Person-Centred Counselling is based on the assumption that an individual (client), seeking help in the resolution of a problem, can enter into a relationship with another individual (counsellor) who is sufficiently accepting and permissive to allow the client to freely express emotions. This will enable the client to come to terms with negative feelings which may have caused emotional problems, and develop inner resources.

Primal Therapy is based on the theory that suppressed birth or infancy traumas can resurface as neuroses. The therapy takes the client back to the "primal scene" where trauma can be re-experienced as an emotional cleansing.

Psychoanalysis focuses on the work of Sigmund Freud, who believed that the unacceptable thoughts of early childhood are banished to the unconscious mind but continue to influence thoughts, emotions and behaviour. "Repressed" feelings can surface later as conflicts, depression, etc or through dreams or creative activities. The analyst seeks to interpret and make acceptable to the client’s conscious mind, troublesome feelings and relationships from the past. "Transference" onto the analyst, of feelings about figures in the client’s life, is encouraged. This type of therapy is often used by clients suffering from high levels of distress and can be a lengthy and intensive process.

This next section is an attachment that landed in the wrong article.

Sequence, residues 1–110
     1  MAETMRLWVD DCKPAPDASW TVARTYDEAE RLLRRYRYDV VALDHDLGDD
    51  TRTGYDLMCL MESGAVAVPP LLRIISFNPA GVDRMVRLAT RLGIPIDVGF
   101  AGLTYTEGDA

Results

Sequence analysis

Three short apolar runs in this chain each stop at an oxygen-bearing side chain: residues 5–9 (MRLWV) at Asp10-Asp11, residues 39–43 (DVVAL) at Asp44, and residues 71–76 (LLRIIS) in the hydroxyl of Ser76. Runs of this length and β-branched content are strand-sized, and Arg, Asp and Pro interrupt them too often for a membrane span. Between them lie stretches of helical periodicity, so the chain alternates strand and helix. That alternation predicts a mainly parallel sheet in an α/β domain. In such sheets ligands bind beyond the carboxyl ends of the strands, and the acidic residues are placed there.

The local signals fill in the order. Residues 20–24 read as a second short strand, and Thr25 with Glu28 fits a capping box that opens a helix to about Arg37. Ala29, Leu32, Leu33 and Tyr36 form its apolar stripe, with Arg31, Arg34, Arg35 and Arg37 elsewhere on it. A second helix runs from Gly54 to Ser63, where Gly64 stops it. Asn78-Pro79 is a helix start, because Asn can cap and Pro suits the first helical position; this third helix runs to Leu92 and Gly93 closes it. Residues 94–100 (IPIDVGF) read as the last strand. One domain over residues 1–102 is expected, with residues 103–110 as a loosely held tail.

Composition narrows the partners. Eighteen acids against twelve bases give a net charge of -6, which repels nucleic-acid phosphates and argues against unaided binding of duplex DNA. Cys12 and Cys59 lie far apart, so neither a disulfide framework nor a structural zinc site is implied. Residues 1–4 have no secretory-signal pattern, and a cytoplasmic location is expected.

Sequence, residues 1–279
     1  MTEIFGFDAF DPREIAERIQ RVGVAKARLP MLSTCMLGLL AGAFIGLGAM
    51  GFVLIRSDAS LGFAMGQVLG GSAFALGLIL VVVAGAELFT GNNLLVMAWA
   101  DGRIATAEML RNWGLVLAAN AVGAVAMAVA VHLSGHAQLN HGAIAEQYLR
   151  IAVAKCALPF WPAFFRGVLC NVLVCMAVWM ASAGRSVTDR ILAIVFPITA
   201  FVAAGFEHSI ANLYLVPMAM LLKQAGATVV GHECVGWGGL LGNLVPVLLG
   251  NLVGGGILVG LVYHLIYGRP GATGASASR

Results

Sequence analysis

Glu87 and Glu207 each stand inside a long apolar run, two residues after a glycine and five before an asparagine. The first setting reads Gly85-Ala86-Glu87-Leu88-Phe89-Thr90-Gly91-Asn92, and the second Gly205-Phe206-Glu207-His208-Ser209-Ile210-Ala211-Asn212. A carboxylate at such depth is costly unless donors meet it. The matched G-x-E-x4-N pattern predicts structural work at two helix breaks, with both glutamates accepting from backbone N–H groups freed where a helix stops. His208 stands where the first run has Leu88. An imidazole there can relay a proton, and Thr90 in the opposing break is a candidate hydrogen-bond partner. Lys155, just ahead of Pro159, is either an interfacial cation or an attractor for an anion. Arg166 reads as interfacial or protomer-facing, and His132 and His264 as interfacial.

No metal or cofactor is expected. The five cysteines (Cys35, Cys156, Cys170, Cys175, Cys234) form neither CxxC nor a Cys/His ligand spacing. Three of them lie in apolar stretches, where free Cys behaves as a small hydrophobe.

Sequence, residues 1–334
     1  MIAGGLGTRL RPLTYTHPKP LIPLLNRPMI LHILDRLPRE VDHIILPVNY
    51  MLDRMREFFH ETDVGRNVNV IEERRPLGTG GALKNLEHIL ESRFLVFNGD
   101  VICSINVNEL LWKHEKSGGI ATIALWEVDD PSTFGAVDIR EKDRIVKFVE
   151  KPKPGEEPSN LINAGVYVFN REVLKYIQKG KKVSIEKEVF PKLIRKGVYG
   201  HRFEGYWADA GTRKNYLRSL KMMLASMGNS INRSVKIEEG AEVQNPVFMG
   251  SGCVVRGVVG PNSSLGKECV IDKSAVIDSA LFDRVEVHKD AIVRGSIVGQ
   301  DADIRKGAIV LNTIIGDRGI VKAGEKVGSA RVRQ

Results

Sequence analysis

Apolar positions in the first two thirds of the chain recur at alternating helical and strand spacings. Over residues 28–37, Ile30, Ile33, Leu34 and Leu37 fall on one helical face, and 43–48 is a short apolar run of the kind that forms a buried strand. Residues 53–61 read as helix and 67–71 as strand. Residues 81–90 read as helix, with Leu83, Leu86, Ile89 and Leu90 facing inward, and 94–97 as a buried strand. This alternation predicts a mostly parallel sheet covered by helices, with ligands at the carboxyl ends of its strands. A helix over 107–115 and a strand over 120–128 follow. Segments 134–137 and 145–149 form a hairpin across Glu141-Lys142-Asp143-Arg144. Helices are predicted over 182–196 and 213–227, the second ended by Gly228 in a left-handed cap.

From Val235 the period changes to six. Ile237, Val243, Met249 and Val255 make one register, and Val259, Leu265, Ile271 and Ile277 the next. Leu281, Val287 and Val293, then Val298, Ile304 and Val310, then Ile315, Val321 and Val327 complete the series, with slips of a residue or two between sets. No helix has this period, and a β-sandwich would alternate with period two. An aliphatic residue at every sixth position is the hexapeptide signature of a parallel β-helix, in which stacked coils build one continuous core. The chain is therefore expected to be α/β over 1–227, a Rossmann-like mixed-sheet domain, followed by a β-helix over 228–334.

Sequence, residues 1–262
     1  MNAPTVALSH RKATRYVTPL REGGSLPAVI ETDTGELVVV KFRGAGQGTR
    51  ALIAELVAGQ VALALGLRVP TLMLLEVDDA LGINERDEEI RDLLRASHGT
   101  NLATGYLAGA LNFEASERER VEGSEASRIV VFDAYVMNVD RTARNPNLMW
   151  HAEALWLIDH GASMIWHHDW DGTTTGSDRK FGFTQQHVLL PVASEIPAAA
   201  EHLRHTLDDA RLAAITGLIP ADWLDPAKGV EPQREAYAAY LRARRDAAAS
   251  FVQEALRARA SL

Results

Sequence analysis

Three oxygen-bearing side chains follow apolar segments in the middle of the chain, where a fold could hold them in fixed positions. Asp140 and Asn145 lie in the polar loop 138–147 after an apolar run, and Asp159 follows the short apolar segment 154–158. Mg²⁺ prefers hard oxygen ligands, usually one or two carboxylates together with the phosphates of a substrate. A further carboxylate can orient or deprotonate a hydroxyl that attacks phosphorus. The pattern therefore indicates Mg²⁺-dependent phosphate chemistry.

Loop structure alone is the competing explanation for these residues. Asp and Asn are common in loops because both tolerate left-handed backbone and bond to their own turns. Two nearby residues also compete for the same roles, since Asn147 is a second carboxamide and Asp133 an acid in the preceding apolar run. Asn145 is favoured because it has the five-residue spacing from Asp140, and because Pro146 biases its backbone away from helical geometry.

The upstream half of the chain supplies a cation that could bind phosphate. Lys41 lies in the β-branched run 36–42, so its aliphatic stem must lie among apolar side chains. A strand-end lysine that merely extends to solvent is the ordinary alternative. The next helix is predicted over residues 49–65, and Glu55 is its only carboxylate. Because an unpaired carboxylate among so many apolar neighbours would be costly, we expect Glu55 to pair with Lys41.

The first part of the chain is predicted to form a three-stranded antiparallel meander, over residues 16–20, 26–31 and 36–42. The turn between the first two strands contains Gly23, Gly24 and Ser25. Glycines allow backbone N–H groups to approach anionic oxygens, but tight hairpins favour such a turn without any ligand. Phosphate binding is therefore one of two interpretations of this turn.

Psychodynamic Counselling or Psychotherapy stresses the importance of the unconscious and past experience in determining current behaviour. The client is encouraged to talk about childhood relationships with parents and other significant people, the therapist focuses on the client/therapist relationship (the dynamics). The psychodynamic approach is derived from psychoanalysis but usually provides a quicker solution to emotional problems.